The topic of data privacy has come a long way in a short space of time. Much has been written about the penalties that can be imposed on organizations that do not comply with privacy laws.
As a result, companies are beginning to realize that there is an important element of the new rules that they may have overlooked in their initial privacy risk assessment.
This missing element is "reputation". Yes, substantial fines should already be enough to start taking this topic seriously. But the potential loss of reputation should be a top concern for all marketers, regardless of industry.
Rest assured, the authorities are taking the new rules very seriously, considering data protection and privacy a “human right”. This means that if your organization fails to comply with the requirements set out in various laws around the world, then the violation will receive a public outcry. Then not only existing, but also potential customers will find out about your non-compliance with the rules.
How do consumers view privacy?
- 73% are concerned about how brands are using their personal data.
- 76% are concerned about the amount of data brands collect when looking for or buying a product.
- 73% are so concerned about how brands are using their personal information that they believe that this process is not controlled.
- 71% believe that companies and brands should not be allowed to share data with other companies or brands.
- 61% feel they have no control over the level of privacy they need for themselves, their family, or their children.
The value of trust
The trust. It is the trademark of the digital economy. Without trust, your customers are one click away from switching to a competitor. Violation of confidentiality can lead to the loss of the customer's earned trust in the brand over the years. And ultimately, against this background, the fine may seem insignificant.
Looking at the main elements of the various privacy laws, there are two overarching questions they raise:
- Can customers trust you with their own data?
- Do you have an appropriate data management program to support this trust?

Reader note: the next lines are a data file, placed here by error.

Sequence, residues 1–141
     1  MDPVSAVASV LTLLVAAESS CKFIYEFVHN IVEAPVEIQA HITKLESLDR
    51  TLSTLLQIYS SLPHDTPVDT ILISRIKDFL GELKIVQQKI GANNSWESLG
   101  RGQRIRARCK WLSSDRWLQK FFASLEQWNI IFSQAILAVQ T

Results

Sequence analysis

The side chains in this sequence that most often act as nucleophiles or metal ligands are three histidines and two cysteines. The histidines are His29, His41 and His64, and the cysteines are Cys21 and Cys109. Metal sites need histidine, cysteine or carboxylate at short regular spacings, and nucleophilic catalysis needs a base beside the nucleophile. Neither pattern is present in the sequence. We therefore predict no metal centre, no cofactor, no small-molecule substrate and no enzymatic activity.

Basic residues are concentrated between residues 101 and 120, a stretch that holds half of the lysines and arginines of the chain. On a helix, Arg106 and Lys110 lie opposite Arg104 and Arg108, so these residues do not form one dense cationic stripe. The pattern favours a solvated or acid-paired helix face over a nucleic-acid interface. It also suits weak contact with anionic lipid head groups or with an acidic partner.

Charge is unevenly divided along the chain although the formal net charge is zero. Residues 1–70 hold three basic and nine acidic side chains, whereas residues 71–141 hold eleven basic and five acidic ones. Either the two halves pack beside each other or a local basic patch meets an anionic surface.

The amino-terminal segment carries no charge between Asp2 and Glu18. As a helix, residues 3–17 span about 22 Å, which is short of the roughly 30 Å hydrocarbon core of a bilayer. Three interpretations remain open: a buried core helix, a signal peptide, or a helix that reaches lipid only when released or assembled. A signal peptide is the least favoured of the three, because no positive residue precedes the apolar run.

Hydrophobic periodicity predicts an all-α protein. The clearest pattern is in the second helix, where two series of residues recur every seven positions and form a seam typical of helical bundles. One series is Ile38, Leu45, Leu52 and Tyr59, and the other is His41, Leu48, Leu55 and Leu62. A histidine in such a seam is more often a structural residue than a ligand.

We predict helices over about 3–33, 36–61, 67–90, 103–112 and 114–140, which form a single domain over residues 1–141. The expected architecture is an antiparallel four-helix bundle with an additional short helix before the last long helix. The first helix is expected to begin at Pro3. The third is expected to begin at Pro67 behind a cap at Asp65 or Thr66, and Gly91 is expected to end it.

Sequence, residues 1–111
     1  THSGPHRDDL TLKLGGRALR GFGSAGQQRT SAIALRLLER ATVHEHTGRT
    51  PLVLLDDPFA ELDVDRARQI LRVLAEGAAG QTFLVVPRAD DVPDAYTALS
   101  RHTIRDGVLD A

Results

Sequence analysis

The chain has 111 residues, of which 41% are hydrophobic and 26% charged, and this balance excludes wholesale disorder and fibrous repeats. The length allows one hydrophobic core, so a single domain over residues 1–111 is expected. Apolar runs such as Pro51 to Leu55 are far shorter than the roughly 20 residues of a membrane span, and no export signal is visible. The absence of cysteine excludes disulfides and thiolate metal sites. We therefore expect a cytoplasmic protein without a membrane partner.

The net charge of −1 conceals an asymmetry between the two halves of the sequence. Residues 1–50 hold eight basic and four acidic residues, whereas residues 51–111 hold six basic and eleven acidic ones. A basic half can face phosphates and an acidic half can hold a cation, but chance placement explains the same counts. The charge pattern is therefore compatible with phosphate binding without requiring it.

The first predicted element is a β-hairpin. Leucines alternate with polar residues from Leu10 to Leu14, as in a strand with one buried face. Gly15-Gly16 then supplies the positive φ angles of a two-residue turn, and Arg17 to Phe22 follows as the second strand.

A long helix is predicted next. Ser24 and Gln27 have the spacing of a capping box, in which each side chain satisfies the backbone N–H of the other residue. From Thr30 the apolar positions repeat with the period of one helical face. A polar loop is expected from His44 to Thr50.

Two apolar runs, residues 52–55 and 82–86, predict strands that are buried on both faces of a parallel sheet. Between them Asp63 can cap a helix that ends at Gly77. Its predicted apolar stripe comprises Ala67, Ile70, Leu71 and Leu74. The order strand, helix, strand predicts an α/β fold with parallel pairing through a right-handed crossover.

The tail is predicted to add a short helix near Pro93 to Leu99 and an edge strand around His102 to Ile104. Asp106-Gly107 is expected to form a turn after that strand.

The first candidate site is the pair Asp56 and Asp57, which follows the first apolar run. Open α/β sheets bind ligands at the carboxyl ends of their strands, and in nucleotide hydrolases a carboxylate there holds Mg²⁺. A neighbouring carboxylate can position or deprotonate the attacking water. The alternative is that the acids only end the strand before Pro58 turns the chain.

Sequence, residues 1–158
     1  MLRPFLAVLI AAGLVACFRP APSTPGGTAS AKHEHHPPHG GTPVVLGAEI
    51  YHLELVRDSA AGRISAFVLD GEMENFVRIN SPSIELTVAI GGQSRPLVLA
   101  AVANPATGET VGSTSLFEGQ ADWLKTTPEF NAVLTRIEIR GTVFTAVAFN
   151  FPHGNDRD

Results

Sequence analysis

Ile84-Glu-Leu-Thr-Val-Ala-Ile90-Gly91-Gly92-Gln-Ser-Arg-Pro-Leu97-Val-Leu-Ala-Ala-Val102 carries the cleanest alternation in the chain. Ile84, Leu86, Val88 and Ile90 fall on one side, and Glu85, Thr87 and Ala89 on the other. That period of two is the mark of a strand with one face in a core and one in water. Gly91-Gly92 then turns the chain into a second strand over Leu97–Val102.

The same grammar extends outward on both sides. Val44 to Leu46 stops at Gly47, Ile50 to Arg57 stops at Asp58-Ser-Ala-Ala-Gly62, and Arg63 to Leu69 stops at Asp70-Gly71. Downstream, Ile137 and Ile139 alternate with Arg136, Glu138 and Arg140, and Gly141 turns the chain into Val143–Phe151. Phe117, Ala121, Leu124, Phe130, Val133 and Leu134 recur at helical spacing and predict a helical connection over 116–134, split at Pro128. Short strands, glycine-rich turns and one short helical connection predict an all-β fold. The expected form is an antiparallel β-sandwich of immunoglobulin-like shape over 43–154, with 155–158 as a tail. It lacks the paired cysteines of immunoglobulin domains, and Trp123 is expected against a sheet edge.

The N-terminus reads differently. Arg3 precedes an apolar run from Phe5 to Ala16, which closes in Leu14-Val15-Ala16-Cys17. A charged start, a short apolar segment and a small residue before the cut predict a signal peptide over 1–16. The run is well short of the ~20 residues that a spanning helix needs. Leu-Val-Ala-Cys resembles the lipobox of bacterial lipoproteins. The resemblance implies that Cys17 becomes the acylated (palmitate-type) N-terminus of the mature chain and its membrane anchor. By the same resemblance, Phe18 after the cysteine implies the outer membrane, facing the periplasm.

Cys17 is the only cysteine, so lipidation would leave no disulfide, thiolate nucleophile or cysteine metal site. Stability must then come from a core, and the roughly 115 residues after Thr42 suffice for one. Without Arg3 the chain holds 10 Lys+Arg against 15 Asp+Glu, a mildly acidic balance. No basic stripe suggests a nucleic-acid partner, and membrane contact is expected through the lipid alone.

Marketers' Next Step: Consider Regulations and Laws When Managing Data
Companies implementing data privacy programs are quickly realizing that much of what is required is similar to what they may have achieved with previous data governance initiatives. At its core, data confidentiality is about organizing people, processes, and technologies to achieve one goal.
Looking at the excerpts from the GDPR, it is clear that this is the case. Each provision is about establishing proper data management and maintaining a proactive approach.
USA Link System has case studies and expertise that provide reliable support for marketers in all countries and industries. The approach we recommend will help you achieve compliance as well as ensure that the trust you have built between you and your customers stays intact and becomes part of your brand. Here are our recommendations:
1. Use your privacy software in conjunction with existing data management practices. As mentioned, maintaining confidentiality is very much a data management issue, and organizations should not look at the two separately.
2. Build confidentiality into the design of all processes (i.e. treat data confidentiality as a key component of your organization and all business initiatives).
3. Make sure everyone in the organization knows their role in ensuring the security and privacy of customer data. A company can lose its reputation from just one reckless employee act that violates confidentiality.
Through our experiences with data privacy practices, we've learned that not only did it not interfere with our marketing efforts, but improved them overall.
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